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Case #7 ZOSA, G.R. No. L-18805, Aug 14, 1967 assigned to Pacific Vegetable Co.

PETITIONERS: The Board of Liquidators, representing the Govt of the Republic

of the Philippines (i) October 28, 1947: Fairwood & Co., for 1,000 tons $210.00 per short ton, c.i.f.,
RESPONDENTS: Heirs of Maximo M. Kalaw, Juan Bocar, Estate of the Deceased Pacific ports, delivery: January, 1948. This contract was assigned to Pacific
Casimiro Garcia, and Leonor Moll. Vegetable Co.

FACTS: Four devastating typhoons visited the Philippines in 1947. Coconut trees throughout
National Coconut Corporation (NACOCO) was chartered as a non-profit the county suffered extensive damage. Copra production decreased. Warehouses
governmental organization on May 7, 1940 by Commonwealth Act 518, avowedly were destroyed. Cash requirements doubles. Quick turnovers became impossible,
for the protection, preservation and development of the coconut industry in the financing a problem. No action was taken on the contracts.
Philippines. NACOCO was granted express power to buy, sell, barter, export, and in
any other manner deal in coconut x x x, to act as agent, broker, dealer, merchant, On Jan 11, 1948, President Roxas stated that NACOCOC was recouping from its
aimed to eliminate the margin of middlemen, mostly aliens. losses and that Kalaw was to remain in his post. On Jan 30, 1948 the board met and
the respondents unanimously approved the contracts enumerated.
The General Manager and Board Chairman was Maximo M. Kalaw; Juan Bocar and
CAsimiro Garcia were members of the board and Leonor Moll became director only The contracts were partially performed with 9,408.55 tons still to be delivered. The
on Dec. 22 1947. buyers threatened damage suits. But buyer Louis Dreyfus & Co. did in fact sue
before the CFI of Manila. NACOCO put up the defense that (1) Louis Dreyfus did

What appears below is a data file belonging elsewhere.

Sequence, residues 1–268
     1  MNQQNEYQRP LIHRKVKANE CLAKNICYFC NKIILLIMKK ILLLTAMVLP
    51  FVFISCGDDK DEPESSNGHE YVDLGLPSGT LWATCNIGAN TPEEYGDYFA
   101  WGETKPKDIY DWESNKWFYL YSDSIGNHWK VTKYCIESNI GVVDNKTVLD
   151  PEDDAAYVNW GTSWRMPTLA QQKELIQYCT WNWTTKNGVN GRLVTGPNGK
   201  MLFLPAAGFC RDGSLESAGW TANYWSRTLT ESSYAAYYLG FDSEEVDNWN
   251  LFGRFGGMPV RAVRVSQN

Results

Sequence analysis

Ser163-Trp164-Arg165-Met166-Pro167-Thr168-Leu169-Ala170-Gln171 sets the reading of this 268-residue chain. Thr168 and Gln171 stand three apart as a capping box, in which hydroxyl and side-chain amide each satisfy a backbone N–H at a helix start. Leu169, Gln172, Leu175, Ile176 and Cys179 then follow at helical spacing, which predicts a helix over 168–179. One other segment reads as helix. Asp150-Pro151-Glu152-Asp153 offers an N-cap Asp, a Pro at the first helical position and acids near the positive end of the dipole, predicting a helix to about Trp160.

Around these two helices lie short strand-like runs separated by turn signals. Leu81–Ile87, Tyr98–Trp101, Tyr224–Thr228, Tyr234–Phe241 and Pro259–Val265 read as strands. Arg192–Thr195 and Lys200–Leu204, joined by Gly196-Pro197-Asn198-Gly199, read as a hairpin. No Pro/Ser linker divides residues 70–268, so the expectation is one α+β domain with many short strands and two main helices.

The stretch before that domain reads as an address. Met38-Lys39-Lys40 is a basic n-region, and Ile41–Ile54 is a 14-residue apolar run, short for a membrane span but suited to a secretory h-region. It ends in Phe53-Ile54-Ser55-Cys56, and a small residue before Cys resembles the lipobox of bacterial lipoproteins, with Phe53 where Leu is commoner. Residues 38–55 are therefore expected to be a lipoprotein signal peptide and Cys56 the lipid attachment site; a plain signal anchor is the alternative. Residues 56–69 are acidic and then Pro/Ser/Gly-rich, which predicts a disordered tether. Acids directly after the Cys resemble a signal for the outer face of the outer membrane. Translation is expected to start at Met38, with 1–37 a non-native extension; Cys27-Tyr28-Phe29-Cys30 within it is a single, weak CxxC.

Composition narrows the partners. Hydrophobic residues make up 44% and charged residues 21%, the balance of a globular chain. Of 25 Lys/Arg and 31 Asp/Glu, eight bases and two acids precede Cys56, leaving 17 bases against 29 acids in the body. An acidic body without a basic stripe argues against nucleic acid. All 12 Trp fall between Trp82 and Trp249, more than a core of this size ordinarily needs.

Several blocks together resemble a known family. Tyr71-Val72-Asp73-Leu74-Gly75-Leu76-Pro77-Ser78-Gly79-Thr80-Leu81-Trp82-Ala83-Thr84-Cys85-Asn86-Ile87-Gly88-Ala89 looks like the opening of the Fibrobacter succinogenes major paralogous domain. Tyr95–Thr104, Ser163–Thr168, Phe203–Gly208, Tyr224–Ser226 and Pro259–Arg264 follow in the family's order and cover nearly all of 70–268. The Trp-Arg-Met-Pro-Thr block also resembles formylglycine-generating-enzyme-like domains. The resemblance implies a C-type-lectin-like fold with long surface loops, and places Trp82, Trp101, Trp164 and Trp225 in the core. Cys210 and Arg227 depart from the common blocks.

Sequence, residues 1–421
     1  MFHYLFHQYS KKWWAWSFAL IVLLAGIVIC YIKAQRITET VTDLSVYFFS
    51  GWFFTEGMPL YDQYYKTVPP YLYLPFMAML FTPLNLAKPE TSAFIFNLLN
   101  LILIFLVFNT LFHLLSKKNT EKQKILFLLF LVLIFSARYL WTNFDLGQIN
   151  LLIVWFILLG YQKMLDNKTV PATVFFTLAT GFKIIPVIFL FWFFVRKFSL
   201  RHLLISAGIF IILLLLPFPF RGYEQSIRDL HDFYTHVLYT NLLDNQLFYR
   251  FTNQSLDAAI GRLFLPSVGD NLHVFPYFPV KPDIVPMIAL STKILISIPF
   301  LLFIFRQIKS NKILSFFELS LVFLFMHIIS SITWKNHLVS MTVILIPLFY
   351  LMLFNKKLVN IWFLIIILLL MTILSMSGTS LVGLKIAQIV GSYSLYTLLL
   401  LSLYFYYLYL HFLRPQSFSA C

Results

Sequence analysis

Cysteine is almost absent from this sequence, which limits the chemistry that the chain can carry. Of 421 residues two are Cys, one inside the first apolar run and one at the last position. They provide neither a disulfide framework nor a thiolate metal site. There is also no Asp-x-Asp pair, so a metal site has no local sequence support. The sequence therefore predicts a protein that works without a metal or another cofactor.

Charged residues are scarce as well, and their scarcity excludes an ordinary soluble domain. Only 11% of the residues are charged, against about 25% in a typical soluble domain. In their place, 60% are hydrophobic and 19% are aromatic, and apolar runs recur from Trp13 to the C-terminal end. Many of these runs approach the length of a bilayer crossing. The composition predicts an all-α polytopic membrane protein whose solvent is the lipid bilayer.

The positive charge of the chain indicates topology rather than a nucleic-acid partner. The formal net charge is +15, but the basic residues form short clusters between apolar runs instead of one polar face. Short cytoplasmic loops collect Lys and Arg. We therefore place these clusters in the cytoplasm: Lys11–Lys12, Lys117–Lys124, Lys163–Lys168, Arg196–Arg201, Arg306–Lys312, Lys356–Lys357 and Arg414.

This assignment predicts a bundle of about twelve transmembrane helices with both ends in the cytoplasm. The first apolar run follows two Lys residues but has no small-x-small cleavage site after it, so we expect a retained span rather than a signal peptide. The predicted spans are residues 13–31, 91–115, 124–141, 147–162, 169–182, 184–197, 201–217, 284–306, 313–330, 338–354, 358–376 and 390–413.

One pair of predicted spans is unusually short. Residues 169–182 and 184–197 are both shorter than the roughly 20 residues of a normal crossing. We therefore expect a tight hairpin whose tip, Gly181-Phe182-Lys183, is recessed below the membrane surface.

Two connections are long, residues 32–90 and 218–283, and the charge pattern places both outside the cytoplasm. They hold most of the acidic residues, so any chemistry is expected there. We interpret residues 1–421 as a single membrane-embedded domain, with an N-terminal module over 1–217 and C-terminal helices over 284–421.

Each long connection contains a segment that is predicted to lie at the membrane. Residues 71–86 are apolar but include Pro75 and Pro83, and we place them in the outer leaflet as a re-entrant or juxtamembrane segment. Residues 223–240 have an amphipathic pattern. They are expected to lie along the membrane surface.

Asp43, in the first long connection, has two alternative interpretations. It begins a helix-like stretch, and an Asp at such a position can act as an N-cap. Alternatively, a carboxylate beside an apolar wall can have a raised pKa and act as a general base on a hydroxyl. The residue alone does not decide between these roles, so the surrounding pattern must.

NACOCO embarked on copra trading activities. Among the disputed contracts for not have the license to do business here and (2) failure to deliver was due to force
the delivery of copra are the following: majeure, the typhoons.

(a) July 30, 1947: Alexander Adamson & Co., for 2,000 long tons, $167.00 per ton, The respondents also question why they should be held liable for Dreyfus claim
f.o.b., delivery: August and September, 1947. This contract was later assigned to when the Board of Liquidators disposed of the NACOCO funds. NACOCO seeks to
Louis Dreyfus & Co. (Overseas) Ltd. recover P1,343,274.52 from respondents. It charges Kalaw with negligence under Art
(b) August 14, 1947: Alexander Adamson & Co., for 3,000 long tons, $145.00 per
long ton, f.o.b., Philippine ports, to be shipped: September/October, 1947. This The lower court came out with a decision on Board of Liquidators vs Kalaw et al,
contract was also assigned to Louis Dreyfus & Co. (Overseas) Ltd. dismissing the complaint with the Board being ordered to pay the heirs of Kalaw the
sum of P2, 601 for unpaid salaries and cash deposit due the deceased Kalaw.
(c) August 22, 1947: Paci c Vegetable Co, for 3,000 tons, $137.50 per ton, delivery:
September, 1947. The Board appealed directly to this Court. Thus this case.

(d) September 5, 1947: Spencer Kellog & Sons, for 1,000 long tons, $160.00 per ton, ISSUE#1: Whether or not the Board of Liquidators has lost its legal personality
c.i.f., Los Angeles, California delivery: November, 1947. to continue with this suit, since its already past 3 years after the dissolution of
the corporation.
(e) September 9, 1947: Franklin Baker Division of General Foods Corporation, for
1,500 long tons, $164.00 per ton, c.i.f., New York, to be shipped in November, 1947. DECISION#1:
Corporation Law, Sec 77: A corporation whose corporate existence is terminated,
(f) September 12, 1947: Louis Dreyfus & Co. (Overseas) Ltd., for 3,000 long tons, shall nevertheless be continued as a body corporate for three years after the time
$154.00 per ton, f.o.b., 3 Philippine ports, delivery: November, 1947. when it would have been so dissolved, for the purpose of prosecuting and defending
suits by or against it and of enabling it gradually to settle and close its affairs, to
(g) September 13, 1947: Juan Cojuangco, for 2,000 tons $175.00 per ton, delivery:
November and December, 1947. This contract was assigned to Pacific Vegetable Co.
1 Art. 2176. Whoever by act or omission causes damage to another, there being fault or negligence, is
(h) October 27, 1947: Fairwood & Co., for 1,000 tons $210.00 per short ton, c.i.f., obliged to pay for the damage done. Such fault or negligence, if there is no pre-existing contractual
Paci c ports, delivery: December, 1947 and January, 1948. This contract was relation between the parties, is called a quasi-delict and is governed by the provisions of this Chapter.
dispose of and convey its property and to divide its capital stock, but not for the appropriate to the conduct of the ordinary business of the corporation." As such
purpose of continuing the business for which it was established. officer, "he may, without any special authority from the Board of Directors, perform
all acts of an ordinary nature, which by usage or necessity are incident to his office,